Stop by the museum to learn more about the maritime history and art of the region through permanent and rotating exhibits.
Holy Cow Ice Cream
For a sweet treat, you can’t miss Holy Cow Ice Cream Cafe (80 Pleasant St).
Creative flavors, truly exceptional quality, and made-to-order waffle cones contribute to an amazing ice cream experience.
Check out this nationally-awarded ice cream shop for a delicious scoop (or two!)
Yankee Fleet Deep Sea Fishing
For a true adventure out on the water, you should head out with Yankee Fleet Deep Sea Fishing (1 Parker St).
Since 1944, Yankee Fleet has been taking people out on the ocean for incredible fishing experiences that create lasting memories.
Choose from a half- or full-day fishing trip or, if you’re brave, a 12-hour marathon fishing expedition!
Good Harbor Beach
A trip to Gloucester wouldn’t be complete without a visit to the beach, so make sure you stop by the ever-popular Good Harbor Beach (99 Thacher Rd) to play in the sand and waves.
Soft sand, big waves, and lifeguards on duty make this beach one of the best in the Gloucester area.
You can also make use of the restrooms and showers on the boardwalk; be sure to also reserve a parking reservation online ahead of time!
This is one of our favorite beaches in Massachusetts that you won’t want to miss.
Rocky Neck Art Colony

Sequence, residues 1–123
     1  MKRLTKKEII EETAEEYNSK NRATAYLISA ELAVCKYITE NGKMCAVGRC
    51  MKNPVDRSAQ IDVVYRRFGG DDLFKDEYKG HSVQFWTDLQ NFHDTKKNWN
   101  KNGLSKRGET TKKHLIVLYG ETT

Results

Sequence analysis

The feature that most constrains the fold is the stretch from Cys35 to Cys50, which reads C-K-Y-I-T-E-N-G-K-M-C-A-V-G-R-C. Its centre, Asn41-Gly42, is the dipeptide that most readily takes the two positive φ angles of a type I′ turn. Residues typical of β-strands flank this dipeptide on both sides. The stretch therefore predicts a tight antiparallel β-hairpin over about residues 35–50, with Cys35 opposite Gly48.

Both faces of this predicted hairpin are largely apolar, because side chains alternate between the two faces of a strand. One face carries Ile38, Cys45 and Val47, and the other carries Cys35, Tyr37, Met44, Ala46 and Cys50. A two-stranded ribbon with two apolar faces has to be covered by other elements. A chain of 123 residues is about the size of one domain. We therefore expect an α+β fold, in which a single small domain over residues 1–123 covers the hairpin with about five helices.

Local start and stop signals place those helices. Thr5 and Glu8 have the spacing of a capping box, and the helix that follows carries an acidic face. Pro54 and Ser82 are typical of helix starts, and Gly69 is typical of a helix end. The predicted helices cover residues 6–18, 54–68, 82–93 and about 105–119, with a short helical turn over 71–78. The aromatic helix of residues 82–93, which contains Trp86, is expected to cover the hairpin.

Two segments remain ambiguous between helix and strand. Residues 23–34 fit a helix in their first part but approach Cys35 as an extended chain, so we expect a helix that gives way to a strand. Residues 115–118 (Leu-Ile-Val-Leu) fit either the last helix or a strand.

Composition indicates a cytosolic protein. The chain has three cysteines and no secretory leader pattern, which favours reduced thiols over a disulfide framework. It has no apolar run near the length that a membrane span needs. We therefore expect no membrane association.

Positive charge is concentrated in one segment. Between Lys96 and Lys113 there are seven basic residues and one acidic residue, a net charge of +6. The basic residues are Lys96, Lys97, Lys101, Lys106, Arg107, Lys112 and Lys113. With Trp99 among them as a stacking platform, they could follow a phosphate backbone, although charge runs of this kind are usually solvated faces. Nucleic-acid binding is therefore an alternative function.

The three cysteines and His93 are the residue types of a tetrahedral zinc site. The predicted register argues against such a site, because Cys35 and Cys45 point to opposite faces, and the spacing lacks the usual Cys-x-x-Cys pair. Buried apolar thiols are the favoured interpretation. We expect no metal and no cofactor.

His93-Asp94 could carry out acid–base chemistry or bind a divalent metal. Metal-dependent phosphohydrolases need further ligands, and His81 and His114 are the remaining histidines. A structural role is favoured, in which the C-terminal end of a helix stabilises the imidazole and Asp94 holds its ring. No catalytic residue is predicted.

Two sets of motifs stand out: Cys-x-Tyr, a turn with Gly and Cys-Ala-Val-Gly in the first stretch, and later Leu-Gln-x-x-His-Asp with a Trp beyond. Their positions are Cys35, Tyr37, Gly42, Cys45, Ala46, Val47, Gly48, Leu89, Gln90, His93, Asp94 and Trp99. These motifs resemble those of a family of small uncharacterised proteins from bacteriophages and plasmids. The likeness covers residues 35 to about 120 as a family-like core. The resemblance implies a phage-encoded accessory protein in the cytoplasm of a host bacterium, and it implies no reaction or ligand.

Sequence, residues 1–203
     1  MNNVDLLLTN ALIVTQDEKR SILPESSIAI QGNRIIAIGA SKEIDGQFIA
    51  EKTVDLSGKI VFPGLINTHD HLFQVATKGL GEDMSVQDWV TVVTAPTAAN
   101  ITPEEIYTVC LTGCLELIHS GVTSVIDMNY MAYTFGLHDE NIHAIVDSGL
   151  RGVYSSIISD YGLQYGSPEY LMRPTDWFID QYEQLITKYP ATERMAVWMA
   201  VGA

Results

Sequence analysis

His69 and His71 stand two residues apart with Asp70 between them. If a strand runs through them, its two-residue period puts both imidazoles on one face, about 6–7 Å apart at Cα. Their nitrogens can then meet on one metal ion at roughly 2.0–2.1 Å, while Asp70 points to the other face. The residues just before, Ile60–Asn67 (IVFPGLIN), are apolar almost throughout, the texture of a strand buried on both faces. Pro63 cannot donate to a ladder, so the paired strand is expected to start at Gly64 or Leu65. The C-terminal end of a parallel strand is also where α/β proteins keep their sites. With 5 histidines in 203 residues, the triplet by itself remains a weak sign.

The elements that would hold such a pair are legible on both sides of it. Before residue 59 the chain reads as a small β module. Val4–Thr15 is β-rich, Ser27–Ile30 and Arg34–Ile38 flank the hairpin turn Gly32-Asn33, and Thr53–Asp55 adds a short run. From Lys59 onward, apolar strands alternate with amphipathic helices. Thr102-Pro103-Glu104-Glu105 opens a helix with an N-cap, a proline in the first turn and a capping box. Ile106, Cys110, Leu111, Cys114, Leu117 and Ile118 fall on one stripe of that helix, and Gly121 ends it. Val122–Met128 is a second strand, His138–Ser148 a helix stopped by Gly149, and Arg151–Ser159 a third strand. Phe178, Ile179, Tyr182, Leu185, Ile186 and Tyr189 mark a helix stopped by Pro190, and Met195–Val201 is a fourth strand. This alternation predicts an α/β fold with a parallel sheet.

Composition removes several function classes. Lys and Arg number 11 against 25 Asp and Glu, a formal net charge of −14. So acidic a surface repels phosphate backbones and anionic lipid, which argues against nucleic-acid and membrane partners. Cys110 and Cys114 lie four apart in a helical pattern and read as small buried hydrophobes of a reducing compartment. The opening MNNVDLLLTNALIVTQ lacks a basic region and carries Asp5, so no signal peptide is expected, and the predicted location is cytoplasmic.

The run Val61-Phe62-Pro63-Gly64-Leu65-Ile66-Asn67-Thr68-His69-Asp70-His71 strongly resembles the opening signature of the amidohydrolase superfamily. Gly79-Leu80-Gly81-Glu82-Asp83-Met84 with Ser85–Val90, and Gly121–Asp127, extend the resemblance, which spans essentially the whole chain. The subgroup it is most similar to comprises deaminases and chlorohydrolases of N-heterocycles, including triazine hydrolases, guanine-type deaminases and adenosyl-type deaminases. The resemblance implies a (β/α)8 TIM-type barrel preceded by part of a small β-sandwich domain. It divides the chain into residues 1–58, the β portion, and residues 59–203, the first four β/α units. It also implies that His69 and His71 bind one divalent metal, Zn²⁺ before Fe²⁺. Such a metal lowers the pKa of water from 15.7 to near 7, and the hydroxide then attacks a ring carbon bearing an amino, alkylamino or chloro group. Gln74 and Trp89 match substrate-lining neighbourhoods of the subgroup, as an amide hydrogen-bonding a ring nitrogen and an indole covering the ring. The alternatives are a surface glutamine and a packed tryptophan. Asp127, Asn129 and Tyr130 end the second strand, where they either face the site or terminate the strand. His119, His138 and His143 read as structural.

Art lovers consider visiting the Rocky Neck Art Colony (6 Wonson St) one of the top things to do in Gloucester thanks to its incredible exhibitions and galleries, events and workshops, and more.
The art colony is one of the oldest continuously-operating colonies in the country, and once welcomed famous artists such as Winslow Homer and Edward Hopper.
If you’re an art lover, you might also want to plan a visit to Provincetown, which has historically been an artist’s haven.
Today, dozens of artists work in the Rocky Neck Art Colony in a variety of mediums, including paint, ceramics, jewelry, and textile.
We featured the Rocky Neck Art Colony in our complete guide to the North Shore, so be sure to check it out for even more ideas of stuff to do in Gloucester and beyond!
Gloucester Stage Company
Head to a show put on by the Gloucester Stage Company (267 E Main St), a non-profit theater company that puts on a mix of contemporary and classic plays from an old brick warehouse.
You’ll love the intimate experience of the stage and seating, and the plays are engaging and fun for the whole family.
Beauport, the Sleeper-McCann House
Interior design and architecture enthusiasts, check this out: Beauport, the Sleeper-McCann House (75 Eastern Point Blvd) is a National Historic Landmark and the previous summer home of one of the first American interior designers.
The home is open to the public from May to October and features a magical collection of curiosities, from glass art to fine china and silhouettes.
All 40 rooms follow a theme and are completely unique, making this a must-visit spot for historians, collectors, designers, and artists alike.